The theme for Fire Prevention Week 2022 is “Fire won’t wait, plan your escape,” highlights the need to plan to get everyone out safely. Whether you live in a house, apartment building or condominium, does your family have a plan? In the workplace we are great about having posted our emergency exit plans and a big sign often marks the meeting point. At home sometimes it’s left to chance as everyone might be frankly trying to exit the home through many points with no clear meeting point. Not only do you need to make sure everyone knows how to get quickly and safely out but where to meet. Is it by the big tree at the back of the yard; is it across the street at the neighbor’s house; find a place and ensure everyone gets there to be accounted for?
This same method of evacuation is important in any type of emergency. Devastating storms might force people from their homes, what do you take, where do you go? If you had to leave in a hurry, often there is a scramble to take personal belongings or personal papers not to forget changes of clothes or food for pets. In the rural area we often are more prepared for loss of power or evacuation because of the relatively few houses near us. We think in the city, it will never happen to us. In the event of a major incident, storm or natural disaster, we should be prepared for at least 72 hours on our own. That might mean extra food, water, flashlight batteries and something to keep us occupied like a board game. But if we do have to leave the home, do we have a large container or old suitcase already packed with a change of clothes, copies of important papers, toothbrush, pet food, bottled water and the like? Do you know where to shut off the water or natural gas to your home? Remember that in a large-scale natural disaster, emergency services will be quite busy that individual emergencies might take less of a priority for the first 72 hours.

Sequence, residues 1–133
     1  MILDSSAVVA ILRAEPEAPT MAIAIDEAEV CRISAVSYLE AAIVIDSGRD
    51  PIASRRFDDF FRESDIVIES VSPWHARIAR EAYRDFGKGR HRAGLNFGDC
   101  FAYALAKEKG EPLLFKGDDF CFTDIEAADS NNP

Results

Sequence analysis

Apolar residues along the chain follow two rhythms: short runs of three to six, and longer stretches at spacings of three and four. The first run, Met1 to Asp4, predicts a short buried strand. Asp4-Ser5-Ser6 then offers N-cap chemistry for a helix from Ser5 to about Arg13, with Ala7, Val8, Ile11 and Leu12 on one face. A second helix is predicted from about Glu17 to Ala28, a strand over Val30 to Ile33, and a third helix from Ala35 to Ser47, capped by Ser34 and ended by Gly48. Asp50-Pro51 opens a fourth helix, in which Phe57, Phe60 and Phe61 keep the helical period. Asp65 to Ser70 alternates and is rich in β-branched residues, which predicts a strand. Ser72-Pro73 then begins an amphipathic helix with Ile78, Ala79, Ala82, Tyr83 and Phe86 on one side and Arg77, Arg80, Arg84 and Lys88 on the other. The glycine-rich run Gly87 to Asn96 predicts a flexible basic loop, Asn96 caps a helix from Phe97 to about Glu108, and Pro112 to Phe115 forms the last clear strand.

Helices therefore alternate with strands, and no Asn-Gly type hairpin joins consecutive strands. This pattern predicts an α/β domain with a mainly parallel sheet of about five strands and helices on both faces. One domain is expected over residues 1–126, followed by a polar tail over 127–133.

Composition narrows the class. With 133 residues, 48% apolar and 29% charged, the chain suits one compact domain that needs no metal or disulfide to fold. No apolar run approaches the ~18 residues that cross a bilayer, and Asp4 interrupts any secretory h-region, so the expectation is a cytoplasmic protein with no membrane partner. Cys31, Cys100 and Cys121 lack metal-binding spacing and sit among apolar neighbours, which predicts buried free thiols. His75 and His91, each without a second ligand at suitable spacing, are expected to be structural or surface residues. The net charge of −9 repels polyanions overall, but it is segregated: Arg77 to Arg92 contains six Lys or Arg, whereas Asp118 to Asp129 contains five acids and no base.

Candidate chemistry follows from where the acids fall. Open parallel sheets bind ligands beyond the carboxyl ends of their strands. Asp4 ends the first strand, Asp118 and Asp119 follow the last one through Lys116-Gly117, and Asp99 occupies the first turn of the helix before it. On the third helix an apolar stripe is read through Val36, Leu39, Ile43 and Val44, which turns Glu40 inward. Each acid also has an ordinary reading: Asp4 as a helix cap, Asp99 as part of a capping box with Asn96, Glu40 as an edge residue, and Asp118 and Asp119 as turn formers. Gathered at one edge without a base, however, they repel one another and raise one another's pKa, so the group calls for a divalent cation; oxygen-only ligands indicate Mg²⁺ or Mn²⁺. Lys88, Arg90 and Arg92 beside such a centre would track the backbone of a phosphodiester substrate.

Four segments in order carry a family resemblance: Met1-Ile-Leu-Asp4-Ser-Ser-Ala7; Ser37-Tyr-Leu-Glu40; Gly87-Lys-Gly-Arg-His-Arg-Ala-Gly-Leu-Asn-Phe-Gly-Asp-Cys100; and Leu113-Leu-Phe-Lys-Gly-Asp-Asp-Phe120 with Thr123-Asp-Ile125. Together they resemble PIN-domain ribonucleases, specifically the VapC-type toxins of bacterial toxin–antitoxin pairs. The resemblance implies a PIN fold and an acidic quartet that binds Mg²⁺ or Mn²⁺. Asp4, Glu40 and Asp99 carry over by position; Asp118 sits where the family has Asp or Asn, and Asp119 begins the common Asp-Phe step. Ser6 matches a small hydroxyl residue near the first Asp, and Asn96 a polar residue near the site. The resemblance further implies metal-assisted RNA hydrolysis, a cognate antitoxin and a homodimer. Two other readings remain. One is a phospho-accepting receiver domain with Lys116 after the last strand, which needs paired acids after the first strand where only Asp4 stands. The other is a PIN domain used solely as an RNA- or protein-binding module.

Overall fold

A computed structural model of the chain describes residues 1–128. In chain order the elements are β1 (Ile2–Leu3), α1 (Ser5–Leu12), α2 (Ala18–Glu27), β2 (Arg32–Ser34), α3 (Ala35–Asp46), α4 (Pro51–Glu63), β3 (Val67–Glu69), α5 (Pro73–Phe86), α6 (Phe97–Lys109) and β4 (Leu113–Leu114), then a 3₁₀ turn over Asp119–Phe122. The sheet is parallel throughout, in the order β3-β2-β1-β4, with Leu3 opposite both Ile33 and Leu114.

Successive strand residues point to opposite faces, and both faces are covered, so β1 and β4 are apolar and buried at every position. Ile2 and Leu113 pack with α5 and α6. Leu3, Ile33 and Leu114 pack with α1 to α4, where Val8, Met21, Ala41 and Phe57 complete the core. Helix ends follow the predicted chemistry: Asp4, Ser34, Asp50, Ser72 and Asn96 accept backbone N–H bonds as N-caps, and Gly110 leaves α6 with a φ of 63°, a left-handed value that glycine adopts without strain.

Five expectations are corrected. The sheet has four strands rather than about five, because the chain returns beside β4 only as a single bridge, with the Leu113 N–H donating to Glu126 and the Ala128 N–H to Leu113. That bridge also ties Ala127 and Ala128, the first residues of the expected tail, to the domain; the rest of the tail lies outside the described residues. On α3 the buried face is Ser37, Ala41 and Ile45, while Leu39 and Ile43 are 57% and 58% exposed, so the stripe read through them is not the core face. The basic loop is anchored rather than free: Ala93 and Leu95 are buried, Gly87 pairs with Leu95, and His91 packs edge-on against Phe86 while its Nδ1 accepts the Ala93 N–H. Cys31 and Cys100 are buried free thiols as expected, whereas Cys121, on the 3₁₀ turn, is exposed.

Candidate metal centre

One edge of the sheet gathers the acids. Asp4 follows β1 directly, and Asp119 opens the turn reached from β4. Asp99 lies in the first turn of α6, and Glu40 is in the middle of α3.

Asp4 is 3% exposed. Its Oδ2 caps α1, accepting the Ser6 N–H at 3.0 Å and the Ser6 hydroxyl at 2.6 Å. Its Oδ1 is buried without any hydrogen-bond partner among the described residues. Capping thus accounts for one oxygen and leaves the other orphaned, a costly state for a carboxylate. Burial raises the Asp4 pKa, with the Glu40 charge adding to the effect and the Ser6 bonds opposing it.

Anything you can do to keep your family safe and deal with immediate needs is always important. Little things like having a fully stocked first aid kit with a few personal items like headache medications or cough syrup can be very useful. Taking a first aid course so that you can care for yourself and family without needing emergency services or preventing a trip to the busy hospital emergency room. Knowing what to do and how to prevent emergencies is important but incidents will happen. If you do need paramedics, then please give accurate directions, and tell the medical communications staff what’s wrong. Sometimes you are not sure what’s wrong, do your best as help will be given over the phone prior to the paramedics arriving at your emergency scene. Despite being frightened or scare, talk slowly and clearly. Use visible landmarks if you are not sure of your address. Remember the person calling for help might not be an adult in the home. It could be a small child so printing a card with directions, address, emergency contact information and sticking it onto the fridge can become very useful. We, at Parkland Ambulance, together with our partners at Lake Country Coop and the Red Cross, have some great “In Case of Emergency” pouches that are free to pickup. These give you a chance to record vital health information that in case of an emergency, paramedics can get the needed information from you should you not be able to speak.
Planning for an emergency is not hard but the key is to plan vs to react to the event. Be Safe!